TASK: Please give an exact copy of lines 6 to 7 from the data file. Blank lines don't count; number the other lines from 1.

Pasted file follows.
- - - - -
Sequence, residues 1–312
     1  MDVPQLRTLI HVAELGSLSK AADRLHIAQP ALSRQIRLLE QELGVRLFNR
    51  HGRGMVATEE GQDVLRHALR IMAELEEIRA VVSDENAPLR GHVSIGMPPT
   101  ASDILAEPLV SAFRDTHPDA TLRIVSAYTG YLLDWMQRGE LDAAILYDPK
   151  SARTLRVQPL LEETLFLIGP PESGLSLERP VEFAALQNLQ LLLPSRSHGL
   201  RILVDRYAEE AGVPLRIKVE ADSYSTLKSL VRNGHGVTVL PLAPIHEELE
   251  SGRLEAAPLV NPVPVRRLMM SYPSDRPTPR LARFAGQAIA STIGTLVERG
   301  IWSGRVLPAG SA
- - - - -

   201  RILVDRYAEE AGVPLRIKVE ADSYSTLKSL VRNGHGVTVL PLAPIHEELE
   251  SGRLEAAPLV NPVPVRRLMM SYPSDRPTPR LARFAGQAIA STIGTLVERG